Every step took me deeper into the ancient heart of Okunoin, the largest and most revered cemetery of Japan, a shadowy forest of giant cedars and stone markers; of mists and mosses; of ghosts present and past. The trails, hidden under mud and needles, pulled me away from the well-maintained and heavily visited formal areas of pagodas and pavilions. Water dripped from overhead branches. Old stones leaned gently together. I slowed and followed a weak beam of sunlight to a mismatched pair of eroding markers, when a sudden vibration in my pocket interrupted my reverie. Was someone trying to reach me? It was the fall of 2015 and I was staying in a temple in the small mountain town of Koyasan, between visits to Tokyo and Kyoto. Previous travels in Japan, some years ago, had involved my high tech business career. At that time, the enigmatic silent politeness I encountered made negotiation challenging. It hadn’t start smoothly. One of the first executives I worked with casually mentioned that women walked two steps behind in his culture, a comment he came to regret when he learned I controlled his investment budget. His culture and I never matched wavelengths.
LEFT COAST WRITERS BOOK LAUNCH: Patricia Dove Miller, Author of Bamboo Secrets: My Quest through the Shadows of Japan Saturday, June 11th, 2016 || 7pm Book Passage-Corte Madera|| 51 Tamal Vista Dr. Corte Madera || www.bookpassage.com While living in Japan in 1993, Patricia Dove Miller’s dream of a year of exploration and personal growth was shattered when her husband was suddenly detained on drug charges. Bamboo Secrets: One Woman’s Quest through the Shadows of Japan weaves together four story strands: a mature woman in search of herself; a marriage in trouble; an American’s love of Japanese culture and her study of its traditional arts; and an outsider’s struggle with Japan’s dark side. As a special feature: Patricia will play a brief piece on her shakahuchi flute for you. Patricia Dove Miller is a third-generation Californian, born and raised in the Berkeley hills. She has lived in the mountains outside of Cali, Colombia, in a tiny rice-farming village in North Thailand, and also at the edge of the northeastern hills in Kyoto, Japan. She attended
Join noted author, editor and Left Coast Writers founder, Linda Watanabe McFerrin, if you can, for a breathtaking once-in-a-lifetime introduction to Japan, land of mountain temples, soothing onsens and people known for their extraordinary grace and generosity. It was her home for many years, a place she has returned to again and again and one that she’s always excited to share with others both on the page and in person. Participants will depart on Saturday, September 5th to arrive in Tokyo, “the new capital”, on Sunday, September 6th. From quiet Shinto shrines to silvery high-rise towers, from the ancient to the newer-than-new, you’ll be dazzled by one of the world’s most exciting metropolises. From there a bullet train will whisk you to “the old capital”, Kyoto, truly one of the most picturesque places on the planet, where you will relax and explore surrounded by beauty while enjoying the cultivated experience of the literati and glitterati of this centuries-old center of art and enlightenment. The journey doesn’t end in Kyoto. You’ll also enjoy a temple stay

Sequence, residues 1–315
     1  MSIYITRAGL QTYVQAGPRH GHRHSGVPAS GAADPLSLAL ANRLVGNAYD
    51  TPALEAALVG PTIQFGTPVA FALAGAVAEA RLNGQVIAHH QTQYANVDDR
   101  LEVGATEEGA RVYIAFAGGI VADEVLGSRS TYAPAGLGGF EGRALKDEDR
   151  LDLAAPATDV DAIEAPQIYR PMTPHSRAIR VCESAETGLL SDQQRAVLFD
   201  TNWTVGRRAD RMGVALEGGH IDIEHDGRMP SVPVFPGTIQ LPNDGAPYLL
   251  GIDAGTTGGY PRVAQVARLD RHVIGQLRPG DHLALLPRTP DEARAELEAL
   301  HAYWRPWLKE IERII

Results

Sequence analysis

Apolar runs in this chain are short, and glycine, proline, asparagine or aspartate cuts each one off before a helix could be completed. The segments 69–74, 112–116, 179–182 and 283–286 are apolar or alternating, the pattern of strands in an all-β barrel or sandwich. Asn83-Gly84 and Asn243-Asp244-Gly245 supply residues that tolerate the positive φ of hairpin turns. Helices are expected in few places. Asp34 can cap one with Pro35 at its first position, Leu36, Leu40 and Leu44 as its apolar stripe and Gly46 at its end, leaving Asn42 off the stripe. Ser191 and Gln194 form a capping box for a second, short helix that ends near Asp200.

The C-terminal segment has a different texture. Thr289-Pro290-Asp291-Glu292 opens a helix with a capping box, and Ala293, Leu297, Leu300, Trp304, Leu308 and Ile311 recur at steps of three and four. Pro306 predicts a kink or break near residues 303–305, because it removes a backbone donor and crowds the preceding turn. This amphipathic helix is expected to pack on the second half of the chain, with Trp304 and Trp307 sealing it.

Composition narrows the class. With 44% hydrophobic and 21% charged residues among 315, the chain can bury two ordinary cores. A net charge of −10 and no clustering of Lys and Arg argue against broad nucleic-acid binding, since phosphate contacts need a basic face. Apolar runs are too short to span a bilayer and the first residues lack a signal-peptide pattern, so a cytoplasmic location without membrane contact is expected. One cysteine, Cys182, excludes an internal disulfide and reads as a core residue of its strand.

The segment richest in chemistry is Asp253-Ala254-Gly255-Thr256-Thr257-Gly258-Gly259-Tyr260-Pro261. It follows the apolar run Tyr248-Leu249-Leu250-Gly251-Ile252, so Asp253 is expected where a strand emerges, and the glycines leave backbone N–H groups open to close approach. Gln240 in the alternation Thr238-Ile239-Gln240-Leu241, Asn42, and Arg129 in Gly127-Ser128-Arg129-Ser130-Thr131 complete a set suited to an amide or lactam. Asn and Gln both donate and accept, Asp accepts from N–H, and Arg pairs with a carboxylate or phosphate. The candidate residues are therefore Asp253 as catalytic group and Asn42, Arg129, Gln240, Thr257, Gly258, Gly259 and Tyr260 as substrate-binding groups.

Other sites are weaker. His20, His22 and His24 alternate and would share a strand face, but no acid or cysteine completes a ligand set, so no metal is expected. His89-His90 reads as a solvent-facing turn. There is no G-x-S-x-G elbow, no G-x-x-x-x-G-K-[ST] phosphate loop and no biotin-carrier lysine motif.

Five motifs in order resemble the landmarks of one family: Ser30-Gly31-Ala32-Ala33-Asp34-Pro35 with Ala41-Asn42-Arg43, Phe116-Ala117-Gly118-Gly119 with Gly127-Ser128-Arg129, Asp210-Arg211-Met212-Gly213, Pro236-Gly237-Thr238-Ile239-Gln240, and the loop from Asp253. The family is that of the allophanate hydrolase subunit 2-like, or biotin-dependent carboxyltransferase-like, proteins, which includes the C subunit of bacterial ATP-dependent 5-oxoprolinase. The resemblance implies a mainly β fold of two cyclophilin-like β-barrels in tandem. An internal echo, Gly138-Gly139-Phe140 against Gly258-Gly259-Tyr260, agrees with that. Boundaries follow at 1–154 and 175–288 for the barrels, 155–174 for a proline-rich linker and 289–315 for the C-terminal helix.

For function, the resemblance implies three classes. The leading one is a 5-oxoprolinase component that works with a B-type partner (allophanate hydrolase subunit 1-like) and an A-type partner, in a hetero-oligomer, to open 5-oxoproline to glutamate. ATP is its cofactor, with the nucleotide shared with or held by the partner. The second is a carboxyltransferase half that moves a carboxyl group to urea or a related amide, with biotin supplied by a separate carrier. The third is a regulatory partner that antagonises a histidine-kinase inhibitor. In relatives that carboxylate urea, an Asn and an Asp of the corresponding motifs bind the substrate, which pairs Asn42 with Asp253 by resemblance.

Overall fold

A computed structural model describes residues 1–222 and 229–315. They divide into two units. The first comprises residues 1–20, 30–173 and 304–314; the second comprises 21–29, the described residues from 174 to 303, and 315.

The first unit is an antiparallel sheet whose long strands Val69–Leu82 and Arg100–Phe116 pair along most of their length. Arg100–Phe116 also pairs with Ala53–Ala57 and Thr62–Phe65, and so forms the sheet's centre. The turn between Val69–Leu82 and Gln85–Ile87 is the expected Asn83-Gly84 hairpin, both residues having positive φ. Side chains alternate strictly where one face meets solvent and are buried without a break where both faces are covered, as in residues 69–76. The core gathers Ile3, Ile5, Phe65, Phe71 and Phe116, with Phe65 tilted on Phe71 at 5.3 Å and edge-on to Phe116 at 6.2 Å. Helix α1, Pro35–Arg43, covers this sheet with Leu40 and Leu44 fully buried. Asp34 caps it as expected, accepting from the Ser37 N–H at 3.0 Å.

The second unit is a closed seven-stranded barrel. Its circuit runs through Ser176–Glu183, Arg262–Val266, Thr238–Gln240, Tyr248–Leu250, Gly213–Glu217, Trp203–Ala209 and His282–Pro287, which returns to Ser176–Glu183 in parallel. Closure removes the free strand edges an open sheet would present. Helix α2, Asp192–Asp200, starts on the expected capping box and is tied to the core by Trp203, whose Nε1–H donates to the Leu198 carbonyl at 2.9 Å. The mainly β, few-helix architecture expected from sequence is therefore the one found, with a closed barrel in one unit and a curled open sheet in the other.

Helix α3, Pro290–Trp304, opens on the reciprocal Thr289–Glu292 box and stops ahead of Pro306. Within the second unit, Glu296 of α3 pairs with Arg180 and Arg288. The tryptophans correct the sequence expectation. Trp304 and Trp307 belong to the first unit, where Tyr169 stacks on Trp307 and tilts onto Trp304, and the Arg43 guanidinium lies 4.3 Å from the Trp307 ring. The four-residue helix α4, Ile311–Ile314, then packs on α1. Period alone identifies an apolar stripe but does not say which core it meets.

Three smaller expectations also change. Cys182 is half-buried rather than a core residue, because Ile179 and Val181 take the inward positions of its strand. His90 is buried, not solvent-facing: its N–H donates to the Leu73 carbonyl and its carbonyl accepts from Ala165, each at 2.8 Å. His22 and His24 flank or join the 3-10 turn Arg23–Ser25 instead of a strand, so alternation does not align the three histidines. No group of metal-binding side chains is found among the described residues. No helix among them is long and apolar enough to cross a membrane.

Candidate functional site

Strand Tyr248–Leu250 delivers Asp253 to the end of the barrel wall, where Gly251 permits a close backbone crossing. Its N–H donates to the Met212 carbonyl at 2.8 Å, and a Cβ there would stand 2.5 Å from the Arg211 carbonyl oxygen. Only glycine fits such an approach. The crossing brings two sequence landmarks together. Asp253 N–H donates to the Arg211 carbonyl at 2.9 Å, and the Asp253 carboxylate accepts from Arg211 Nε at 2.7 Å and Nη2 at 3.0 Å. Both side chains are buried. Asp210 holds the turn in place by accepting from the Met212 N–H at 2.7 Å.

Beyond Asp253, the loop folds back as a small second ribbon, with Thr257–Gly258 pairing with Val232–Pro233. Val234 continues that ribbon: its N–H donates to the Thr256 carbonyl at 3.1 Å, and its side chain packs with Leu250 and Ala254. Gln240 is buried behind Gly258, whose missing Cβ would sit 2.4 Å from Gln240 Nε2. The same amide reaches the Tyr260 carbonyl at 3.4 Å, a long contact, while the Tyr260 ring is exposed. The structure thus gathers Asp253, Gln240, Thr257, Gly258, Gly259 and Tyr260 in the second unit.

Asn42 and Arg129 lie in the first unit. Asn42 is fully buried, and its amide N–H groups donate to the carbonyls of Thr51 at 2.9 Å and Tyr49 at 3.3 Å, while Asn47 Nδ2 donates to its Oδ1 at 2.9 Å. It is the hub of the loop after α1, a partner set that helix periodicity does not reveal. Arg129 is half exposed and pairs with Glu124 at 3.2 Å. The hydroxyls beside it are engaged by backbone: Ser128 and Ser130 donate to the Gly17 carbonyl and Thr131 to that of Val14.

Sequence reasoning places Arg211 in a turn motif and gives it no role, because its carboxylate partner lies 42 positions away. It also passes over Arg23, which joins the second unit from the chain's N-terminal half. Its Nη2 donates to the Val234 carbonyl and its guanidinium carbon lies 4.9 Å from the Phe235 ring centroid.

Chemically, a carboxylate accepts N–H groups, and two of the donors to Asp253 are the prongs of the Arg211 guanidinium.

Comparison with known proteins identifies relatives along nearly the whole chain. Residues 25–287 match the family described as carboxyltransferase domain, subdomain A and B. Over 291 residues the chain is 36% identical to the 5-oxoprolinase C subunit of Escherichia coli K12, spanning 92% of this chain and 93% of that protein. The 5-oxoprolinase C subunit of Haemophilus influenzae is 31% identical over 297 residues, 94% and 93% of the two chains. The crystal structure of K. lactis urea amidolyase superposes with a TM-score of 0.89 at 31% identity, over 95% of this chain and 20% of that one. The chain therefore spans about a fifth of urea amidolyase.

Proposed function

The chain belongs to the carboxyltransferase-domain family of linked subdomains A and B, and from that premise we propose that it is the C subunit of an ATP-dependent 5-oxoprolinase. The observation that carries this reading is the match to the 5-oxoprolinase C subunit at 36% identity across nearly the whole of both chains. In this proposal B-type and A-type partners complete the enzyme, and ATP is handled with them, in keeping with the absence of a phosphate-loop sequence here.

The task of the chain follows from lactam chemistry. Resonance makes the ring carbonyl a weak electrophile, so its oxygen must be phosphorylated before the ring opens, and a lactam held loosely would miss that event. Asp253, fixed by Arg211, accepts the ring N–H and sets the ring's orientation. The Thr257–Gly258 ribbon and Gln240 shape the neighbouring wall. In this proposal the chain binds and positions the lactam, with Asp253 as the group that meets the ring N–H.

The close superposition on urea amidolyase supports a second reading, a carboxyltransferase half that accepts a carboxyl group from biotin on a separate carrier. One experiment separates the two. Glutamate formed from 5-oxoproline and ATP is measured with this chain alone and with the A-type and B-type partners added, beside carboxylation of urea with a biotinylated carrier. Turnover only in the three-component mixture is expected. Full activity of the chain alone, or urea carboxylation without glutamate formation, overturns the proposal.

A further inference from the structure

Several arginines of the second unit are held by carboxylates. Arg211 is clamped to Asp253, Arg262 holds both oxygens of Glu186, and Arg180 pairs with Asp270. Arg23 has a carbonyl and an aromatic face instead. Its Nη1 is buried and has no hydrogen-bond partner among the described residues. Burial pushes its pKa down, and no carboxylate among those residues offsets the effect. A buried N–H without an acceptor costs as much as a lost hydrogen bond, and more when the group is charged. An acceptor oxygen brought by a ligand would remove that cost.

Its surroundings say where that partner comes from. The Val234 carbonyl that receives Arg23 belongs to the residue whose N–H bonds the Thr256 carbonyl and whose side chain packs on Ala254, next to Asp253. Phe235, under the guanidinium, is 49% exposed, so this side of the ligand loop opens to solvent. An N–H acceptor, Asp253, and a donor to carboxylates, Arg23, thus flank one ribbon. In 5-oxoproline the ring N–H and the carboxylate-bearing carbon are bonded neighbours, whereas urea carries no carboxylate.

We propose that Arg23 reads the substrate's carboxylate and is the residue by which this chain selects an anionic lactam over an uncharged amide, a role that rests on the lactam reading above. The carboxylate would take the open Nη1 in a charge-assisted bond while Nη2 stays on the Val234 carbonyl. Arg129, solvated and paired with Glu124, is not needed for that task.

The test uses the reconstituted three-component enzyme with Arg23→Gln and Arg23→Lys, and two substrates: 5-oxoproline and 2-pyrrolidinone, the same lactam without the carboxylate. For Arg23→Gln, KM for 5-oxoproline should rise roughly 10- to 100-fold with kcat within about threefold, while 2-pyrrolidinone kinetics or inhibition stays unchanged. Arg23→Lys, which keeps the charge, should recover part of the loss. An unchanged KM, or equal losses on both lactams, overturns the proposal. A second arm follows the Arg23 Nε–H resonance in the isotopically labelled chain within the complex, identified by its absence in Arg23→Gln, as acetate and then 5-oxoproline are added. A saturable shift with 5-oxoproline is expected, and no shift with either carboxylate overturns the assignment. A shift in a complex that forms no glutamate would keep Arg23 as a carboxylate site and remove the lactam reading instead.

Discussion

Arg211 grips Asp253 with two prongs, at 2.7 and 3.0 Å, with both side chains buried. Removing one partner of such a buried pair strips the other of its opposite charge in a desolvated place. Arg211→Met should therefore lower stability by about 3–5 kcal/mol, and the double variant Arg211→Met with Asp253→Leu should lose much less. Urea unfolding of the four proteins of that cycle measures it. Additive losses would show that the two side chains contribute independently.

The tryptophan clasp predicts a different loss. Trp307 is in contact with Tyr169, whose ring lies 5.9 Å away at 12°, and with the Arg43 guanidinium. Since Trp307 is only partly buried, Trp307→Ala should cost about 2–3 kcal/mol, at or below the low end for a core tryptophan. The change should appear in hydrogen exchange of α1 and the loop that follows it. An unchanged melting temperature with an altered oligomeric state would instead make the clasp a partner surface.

LEFT COAST WRITERS BOOK LAUNCH: Wendy Nelson Tokunaga, author of Love in Translation Saturday, December 12, 2009 || 7pm Book Passage-Corte Madera || 51 Tamal Vista Dr. Corte Madera || www.bookpassage.com Wendy Nelson Tokunaga is back … with an new novel. Wendy is the author of the novels, MIDORI BY MOONLIGHT (St. Martin’s, available now) and the newly released LOVE IN TRANSLATION (St. Martin’s, November 2009). Japan and Japanese culture have been major influences on her life and this is reflected in much of her writing. Her novel, NO KIDDING, won the Literary/Mainstream Fiction category in Writer’s Digest’s Best Self-Published Book Awards in 2002. She is also the author of two children’s non-fiction books, and has had short stories published in various literary journals. Wendy signed her two-book deal with St. Martin’s just as she was beginning the MFA in Writing program at the University of San Francisco in 2006. Along with her MFA, she also holds a BA in Psychology from San Francisco State University. Wendy is also a jazz vocalist and a Japanese karaoke singer. The San Francisco Chronicle called Wendy’s debut novel a “terrific rist novel.” Now she’s back with her second book, which again explores the themes of being a a stranger in a strange land. Wendy lives with her surfer-dude/musician husband Manabu and their cat Meow in the San Francisco Bay Area, a short walk from the Pacific Ocean.